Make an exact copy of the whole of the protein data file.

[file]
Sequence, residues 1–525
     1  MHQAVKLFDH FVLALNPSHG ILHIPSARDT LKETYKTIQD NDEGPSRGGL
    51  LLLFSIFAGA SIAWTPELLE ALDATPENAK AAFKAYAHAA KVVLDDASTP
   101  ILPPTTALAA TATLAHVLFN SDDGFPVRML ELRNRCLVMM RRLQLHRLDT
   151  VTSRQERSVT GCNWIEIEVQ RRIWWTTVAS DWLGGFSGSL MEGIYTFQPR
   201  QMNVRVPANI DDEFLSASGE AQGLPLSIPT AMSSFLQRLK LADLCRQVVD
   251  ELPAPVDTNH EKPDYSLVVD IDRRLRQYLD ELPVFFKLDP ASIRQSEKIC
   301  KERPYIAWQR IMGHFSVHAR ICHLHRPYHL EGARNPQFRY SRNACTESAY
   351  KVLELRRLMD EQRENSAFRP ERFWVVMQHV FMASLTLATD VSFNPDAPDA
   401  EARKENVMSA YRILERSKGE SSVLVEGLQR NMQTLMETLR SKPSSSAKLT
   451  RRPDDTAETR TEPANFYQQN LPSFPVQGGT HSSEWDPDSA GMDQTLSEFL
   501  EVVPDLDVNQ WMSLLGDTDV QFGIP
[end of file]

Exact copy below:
Sequence, residues 1–525
     1  MHQAVKLFDH FVLALNPSHG ILHIPSARDT LKETYKTIQD NDEGPSRGGL
    51  LLLFSIFAGA SIAWTPELLE ALDATPENAK AAFKAYAHAA KVVLDDASTP
   101  ILPPTTALAA TATLAHVLFN SDDGFPVRML ELRNRCLVMM RRLQLHRLDT
   151  VTSRQERSVT GCNWIEIEVQ RRIWWTTVAS DWLGGFSGSL MEGIYTFQPR
   201  QMNVRVPANI DDEFLSASGE AQGLPLSIPT AMSSFLQRLK LADLCRQVVD
   251  ELPAPVDTNH EKPDYSLVVD IDRRLRQYLD ELPVFFKLDP ASIRQSEKIC
   301  KERPYIAWQR IMGHFSVHAR ICHLHRPYHL EGARNPQFRY SRNACTESAY
   351  KVLELRRLMD EQRENSAFRP ERFWVVMQHV FMASLTLATD VSFNPDAPDA
   401  EARKENVMSA YRILERSKGE SSVLVEGLQR NMQTLMETLR SKPSSSAKLT
   451  RRPDDTAETR TEPANFYQQN LPSFPVQGGT HSSEWDPDSA GMDQTLSEFL
   501  EVVPDLDVNQ WMSLLGDTDV QFGIP